JFTC: Let's talk about Alec Dillon. He's had a couple of recent hip surgeries. How is he progressing?

DI: He's done with his surgeries, and he's rehabbing now. I think the one is doing pretty well, and he's just starting rehabbing the second one. I heard, the last I spoke with him, he's maybe for camp. Maybe.

He's got a long haul. He knows it though. I'm not sugarcoating it for him. He's going to have to start from scratch again in everybody's eyes. I said, "That's probably a good thing. You need to reinvent yourself. Re-prove yourself to everybody." Because he had such a short stint in the WHL and didn't have very much success at the beginning. But never really got to show that was just the beginning. And then he's done [with injury]. (Note: Dillon went 2-2-1 with a 3.81 GAA & .871 save % for the Edmonton Oil Kings)

So I said, "Just consider this a fresh start for you all around. Re-show the Kings what you're made of." If it takes him moving onto another organization, it's not the end for him. I'll work with him in the summer if he wants to come out to Vancouver and train with my son and I...I'll do whatever I can for him and try to reboot his career...but he's got a long ways.

JFTC: You've said, "Alec is a good kid and has some raw talent, but has a lot of maturing to do." What did you mean by that?

DI: I don't think he understood a lot about that next stage. (laughs) "Yeah, I want to be an NHL goalie. I want to be on TV." But he didn't really know what it took to do that. He even told me that this last month when we were talking about how his rehab is going. It was a bit of an eye-opener for him. He said, "I kind of got kicked in the butt from it and woke me up a little bit." So I think he gets it now.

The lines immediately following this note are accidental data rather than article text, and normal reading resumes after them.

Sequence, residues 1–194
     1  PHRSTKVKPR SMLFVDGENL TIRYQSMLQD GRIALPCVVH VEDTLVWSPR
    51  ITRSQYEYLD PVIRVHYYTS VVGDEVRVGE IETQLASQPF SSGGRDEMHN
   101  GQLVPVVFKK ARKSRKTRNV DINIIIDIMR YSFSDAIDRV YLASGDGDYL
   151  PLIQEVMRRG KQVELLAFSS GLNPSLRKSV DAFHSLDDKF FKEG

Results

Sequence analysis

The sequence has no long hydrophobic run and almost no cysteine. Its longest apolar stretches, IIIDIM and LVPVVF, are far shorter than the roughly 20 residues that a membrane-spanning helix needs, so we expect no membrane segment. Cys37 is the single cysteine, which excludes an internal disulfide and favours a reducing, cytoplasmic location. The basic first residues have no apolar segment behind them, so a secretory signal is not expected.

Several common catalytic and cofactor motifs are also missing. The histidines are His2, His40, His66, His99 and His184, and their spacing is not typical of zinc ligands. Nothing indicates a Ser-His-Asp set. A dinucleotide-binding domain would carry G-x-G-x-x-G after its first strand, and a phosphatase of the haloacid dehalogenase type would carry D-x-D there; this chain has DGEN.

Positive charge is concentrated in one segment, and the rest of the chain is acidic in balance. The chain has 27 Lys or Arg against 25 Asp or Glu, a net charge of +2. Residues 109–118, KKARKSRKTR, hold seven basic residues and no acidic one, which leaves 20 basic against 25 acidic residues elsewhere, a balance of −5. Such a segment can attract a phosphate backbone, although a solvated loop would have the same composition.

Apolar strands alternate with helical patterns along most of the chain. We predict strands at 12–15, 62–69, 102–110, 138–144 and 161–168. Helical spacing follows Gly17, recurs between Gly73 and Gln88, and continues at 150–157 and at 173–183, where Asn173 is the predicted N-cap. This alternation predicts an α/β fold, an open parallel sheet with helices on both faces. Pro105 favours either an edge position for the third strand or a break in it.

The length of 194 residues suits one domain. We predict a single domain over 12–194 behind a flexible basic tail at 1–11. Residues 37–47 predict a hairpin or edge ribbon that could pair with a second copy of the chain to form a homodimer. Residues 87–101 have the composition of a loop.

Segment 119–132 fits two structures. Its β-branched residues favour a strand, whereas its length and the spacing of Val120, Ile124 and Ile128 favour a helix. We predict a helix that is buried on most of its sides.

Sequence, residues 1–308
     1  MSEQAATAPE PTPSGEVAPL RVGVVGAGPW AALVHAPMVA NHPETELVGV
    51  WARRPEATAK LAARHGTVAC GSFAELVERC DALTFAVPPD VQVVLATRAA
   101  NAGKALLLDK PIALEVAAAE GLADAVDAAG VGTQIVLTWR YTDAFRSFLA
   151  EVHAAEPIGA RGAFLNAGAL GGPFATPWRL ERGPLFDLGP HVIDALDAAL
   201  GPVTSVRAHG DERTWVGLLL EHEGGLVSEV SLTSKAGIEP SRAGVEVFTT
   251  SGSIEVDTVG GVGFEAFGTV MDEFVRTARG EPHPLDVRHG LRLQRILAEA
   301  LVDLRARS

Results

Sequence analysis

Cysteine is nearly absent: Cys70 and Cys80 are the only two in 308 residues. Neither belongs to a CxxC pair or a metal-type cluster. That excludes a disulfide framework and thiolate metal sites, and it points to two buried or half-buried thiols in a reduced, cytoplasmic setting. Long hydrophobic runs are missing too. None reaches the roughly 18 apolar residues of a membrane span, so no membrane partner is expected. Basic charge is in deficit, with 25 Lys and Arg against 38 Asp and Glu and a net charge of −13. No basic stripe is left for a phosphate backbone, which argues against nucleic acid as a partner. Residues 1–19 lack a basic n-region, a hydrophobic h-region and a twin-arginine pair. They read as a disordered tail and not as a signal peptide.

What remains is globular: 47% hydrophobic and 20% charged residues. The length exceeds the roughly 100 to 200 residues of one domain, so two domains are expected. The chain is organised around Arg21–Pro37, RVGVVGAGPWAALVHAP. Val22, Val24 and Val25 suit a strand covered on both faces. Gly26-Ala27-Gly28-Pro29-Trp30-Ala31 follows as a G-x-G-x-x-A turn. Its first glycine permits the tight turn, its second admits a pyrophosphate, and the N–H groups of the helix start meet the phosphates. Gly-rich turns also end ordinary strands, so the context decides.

There's way more to being a pro than just going out and playing some big games. It's getting in the gym. Treating it like it's your life. I think he understood that. And I think he's willing to do the work. We'll see. He's got a lot to learn. He really does. But you can't learn from anything better than experience. And he's getting it right now.

JFTC: Well, with any luck, it'll go the way it went with Quick, and how Quick overslept his way down to the ECHL and worked his way back to the NHL. Anyway, moving on, the Kings were said to be finalists to sign Alex Lyon. What happened there? (Note: Lyon signed with Philadelphia)

DI: You'd have to ask Alex Lyon and his agent. I heard the same thing. I did more of the watching and the assessing him as a goaltender. I thought we were there.

I can't speak for Alex, but maybe, he felt based on number-one goalies in the organization, we have one here...

JFTC: That's never leaving?

DI: Right. (laughs) So who knows? Maybe it's because he wanted to be in the East Coast. Because that's where he's from? It's all kind of things that could have been. But he seemed to have liked us. You win some, you lose some, I guess.

JFTC: Speaking of who you did sign, what about Jack Flinn intrigued you guys?

DI: He's a tower. (laughs)

He's a bit raw. But at 6'8" and to still have some natural athletic ability is not easy to find. I believe I can help him. It's a great project to see where that can flourish to. He has some abilities in his game that can lead to an NHL goaltender.

JFTC: Finally, I saw your Spiderman-themed mask. Where did the inspiration come from?

DI: I've worn the same Spiderman with different paint jobs. But it's been Spiderman for my whole pro career pretty much.

When I was a kid, the goalies had the same mask. That was kind of their identity. Now guys get three masks and change them and they're always different. So you don't really know whose mask that is. Unless it says their name on it.

But if you saw Ken Dryden's mask, you knew it was Ken Dryden. If you saw Cheevers's mask, you knew it was Cheevers. So I always thought that's how it should be.

I did the same thing. [Spiderman] was my childhood fave when I was growing up. So soon as I was able to get a paint job on a mask, that's what I did. And I just never changed it.